| such that we don't know how many NAs we'll wind up with or what positions they'll

| occupy in our final vector -- my_data <- sample(c(y, z), 100).

my_data<-sample(c(y,z),100)

| You nailed it! Good job!

|================================ | 40%

| Let's first ask the question of where our NAs are located in our data. The is.na()

| function tells us whether each element of a vector is NA. Call is.na() on my_data and

| assign the result to my_na.

my_na<-is.na(my_data)

| That's correct!

|==================================== | 45%

| Now, print my_na to see what you came up with.

my_na

[1] FALSE TRUE FALSE FALSE FALSE TRUE TRUE FALSE TRUE FALSE FALSE FALSE TRUE FALSE

[15] TRUE FALSE FALSE FALSE TRUE FALSE TRUE TRUE FALSE FALSE FALSE FALSE TRUE FALSE

[29] TRUE FALSE TRUE FALSE FALSE TRUE TRUE FALSE FALSE TRUE FALSE TRUE TRUE FALSE

[43] FALSE TRUE FALSE FALSE TRUE FALSE FALSE FALSE FALSE FALSE TRUE TRUE TRUE TRUE

[57] TRUE FALSE FALSE FALSE TRUE TRUE FALSE FALSE TRUE FALSE FALSE FALSE FALSE TRUE

[71] TRUE TRUE FALSE FALSE TRUE TRUE TRUE FALSE FALSE TRUE TRUE FALSE TRUE FALSE

[85] FALSE TRUE FALSE FALSE TRUE FALSE FALSE TRUE TRUE FALSE FALSE TRUE TRUE FALSE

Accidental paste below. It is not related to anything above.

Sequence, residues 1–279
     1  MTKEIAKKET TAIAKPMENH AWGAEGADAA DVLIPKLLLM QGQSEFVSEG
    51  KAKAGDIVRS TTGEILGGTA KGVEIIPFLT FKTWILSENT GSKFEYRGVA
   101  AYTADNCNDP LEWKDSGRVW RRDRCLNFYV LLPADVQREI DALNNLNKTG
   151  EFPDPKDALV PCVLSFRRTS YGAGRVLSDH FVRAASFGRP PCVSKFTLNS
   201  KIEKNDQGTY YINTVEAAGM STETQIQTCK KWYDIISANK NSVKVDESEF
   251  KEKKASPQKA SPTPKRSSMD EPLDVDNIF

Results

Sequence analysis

[99] TRUE FALSE

| You are quite good my friend!

|======================================== | 50%

| Everywhere you see a TRUE, you know the corresponding element of my_data is NA.

| Likewise, everywhere you see a FALSE, you know the corresponding element of my_data is

| one of our random draws from the standard normal distribution.

...

|============================================ | 55%

| In our previous discussion of logical operators, we introduced the `==`

operator as a

| method of testing for equality between two objects. So, you might think the expression

| my_data == NA yields the same results as is.na(). Give it a try.

my_data==NA

[1] NA NA NA NA NA NA NA NA NA NA NA NA NA NA NA NA NA NA NA NA NA NA NA NA NA NA NA NA